DEAD: ON THIS DATE
Janis Joplin (aged 27)
Janis Lyn Joplin (January 19, 1943 – October 4, 1970), nicknamed “Pearl”, was an American rock, soul and blues singer and songwriter, and one of the most successful and widely-known female rock stars of her era. After releasing three albums, she died of a heroin overdose at the age of 27. A fourth album, Pearl, was released in January 1971, just over three months after her death. It reached number one on the Billboard charts.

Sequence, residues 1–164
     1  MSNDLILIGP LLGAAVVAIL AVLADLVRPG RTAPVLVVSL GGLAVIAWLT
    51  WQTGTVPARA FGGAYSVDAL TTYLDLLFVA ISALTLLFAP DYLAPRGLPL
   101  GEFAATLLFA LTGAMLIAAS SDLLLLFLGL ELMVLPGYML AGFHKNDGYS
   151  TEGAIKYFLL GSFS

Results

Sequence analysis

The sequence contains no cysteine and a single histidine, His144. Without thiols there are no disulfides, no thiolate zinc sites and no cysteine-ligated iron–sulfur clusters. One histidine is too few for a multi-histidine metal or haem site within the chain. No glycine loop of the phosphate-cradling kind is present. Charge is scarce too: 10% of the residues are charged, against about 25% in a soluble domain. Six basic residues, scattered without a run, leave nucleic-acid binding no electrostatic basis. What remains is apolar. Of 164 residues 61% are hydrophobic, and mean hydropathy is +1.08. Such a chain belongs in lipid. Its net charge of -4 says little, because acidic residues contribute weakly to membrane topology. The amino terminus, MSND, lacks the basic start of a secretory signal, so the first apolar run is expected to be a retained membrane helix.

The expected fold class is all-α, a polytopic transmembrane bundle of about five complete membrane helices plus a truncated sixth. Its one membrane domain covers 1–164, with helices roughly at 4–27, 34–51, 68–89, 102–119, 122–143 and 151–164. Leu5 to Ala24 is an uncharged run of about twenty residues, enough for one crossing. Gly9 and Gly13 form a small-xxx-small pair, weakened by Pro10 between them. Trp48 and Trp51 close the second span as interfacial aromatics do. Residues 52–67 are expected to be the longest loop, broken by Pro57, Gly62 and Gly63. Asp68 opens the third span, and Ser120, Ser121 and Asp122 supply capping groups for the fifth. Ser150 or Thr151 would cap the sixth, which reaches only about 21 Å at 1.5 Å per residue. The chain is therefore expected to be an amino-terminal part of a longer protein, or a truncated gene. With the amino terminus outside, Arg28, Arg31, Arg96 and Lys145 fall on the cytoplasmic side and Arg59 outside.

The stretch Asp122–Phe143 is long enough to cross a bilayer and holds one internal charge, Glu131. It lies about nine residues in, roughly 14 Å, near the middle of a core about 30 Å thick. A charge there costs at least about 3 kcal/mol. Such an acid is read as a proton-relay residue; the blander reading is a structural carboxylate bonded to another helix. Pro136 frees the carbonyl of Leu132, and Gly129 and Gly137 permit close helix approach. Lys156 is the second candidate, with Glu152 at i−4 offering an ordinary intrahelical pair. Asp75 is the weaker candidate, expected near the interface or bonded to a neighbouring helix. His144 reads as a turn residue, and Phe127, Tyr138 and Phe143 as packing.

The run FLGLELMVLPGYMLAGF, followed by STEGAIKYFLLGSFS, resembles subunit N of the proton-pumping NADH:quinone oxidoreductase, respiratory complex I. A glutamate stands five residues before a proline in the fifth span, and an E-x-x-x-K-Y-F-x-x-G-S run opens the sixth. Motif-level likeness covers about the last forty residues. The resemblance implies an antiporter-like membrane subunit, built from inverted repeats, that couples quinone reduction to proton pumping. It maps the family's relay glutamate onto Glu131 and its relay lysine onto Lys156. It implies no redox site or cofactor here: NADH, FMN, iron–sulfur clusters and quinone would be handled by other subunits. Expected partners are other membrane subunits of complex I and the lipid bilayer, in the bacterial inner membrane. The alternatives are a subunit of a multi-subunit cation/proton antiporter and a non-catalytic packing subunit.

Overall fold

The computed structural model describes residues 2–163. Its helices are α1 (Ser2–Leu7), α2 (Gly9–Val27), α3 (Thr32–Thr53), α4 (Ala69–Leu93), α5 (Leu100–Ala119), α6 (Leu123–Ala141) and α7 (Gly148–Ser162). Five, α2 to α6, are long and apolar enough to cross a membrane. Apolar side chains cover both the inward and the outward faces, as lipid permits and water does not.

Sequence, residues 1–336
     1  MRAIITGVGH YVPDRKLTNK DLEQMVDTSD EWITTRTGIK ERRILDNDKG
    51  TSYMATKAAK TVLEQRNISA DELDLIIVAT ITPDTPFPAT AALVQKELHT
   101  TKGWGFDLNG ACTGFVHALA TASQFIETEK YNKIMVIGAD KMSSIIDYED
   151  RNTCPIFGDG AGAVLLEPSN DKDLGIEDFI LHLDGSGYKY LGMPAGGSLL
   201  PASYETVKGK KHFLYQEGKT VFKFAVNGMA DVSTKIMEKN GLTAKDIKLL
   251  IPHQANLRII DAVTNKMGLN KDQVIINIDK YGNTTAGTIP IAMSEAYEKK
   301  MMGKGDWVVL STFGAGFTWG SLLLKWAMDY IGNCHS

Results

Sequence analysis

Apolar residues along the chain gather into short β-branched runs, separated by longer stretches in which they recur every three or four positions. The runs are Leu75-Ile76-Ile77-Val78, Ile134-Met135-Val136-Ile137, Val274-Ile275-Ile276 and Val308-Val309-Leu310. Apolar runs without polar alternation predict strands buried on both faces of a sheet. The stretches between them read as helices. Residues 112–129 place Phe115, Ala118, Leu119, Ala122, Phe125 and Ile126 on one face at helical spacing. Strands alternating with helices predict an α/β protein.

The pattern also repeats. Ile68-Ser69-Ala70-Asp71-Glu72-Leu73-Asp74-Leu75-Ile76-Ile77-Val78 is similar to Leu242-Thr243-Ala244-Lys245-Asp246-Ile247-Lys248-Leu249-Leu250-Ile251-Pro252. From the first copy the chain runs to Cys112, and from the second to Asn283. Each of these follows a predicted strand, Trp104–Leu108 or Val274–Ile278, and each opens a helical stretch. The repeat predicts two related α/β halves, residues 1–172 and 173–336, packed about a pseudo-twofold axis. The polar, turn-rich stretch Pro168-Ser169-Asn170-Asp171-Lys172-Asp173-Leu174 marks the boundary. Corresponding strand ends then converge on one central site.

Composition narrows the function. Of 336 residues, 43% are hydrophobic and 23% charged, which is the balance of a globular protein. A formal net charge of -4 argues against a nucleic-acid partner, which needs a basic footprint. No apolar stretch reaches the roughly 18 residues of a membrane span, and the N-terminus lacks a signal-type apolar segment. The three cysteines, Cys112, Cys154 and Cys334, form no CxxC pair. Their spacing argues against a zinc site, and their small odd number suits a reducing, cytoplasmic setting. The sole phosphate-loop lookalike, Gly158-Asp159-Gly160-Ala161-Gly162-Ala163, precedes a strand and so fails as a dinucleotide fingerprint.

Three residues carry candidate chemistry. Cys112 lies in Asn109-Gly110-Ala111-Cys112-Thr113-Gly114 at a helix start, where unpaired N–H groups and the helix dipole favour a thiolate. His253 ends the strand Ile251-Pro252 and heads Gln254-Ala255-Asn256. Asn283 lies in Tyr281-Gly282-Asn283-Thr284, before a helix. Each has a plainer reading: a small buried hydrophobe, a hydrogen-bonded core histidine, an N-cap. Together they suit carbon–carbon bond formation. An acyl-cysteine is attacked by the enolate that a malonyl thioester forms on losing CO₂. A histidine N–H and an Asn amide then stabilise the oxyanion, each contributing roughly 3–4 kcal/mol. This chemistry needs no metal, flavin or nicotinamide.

DEATH: On Sunday afternoon, October 4, 1970, producer Paul Rothchild became concerned when Joplin failed to show up at Sunset Sound Recorders for a recording session in which she was scheduled to provide the vocal track for the instrumental track of the song “Buried Alive in the Blues”. In the evening, Full Tilt Boogie’s road manager, John Cooke, drove to the Landmark Motor Hotel in Hollywood where Joplin was staying. He saw Joplin’s psychedelically painted Porsche 356 C Cabriolet in the parking lot and upon entering Joplin’s room (#105), he found her dead on the floor beside her bed. The official cause of death was a heroin overdose, possibly compounded by alcohol. Cooke believes Joplin had been given heroin that was much more potent than normal, as several of her dealer’s other customers also overdosed that week. Her death was ruled as accidental.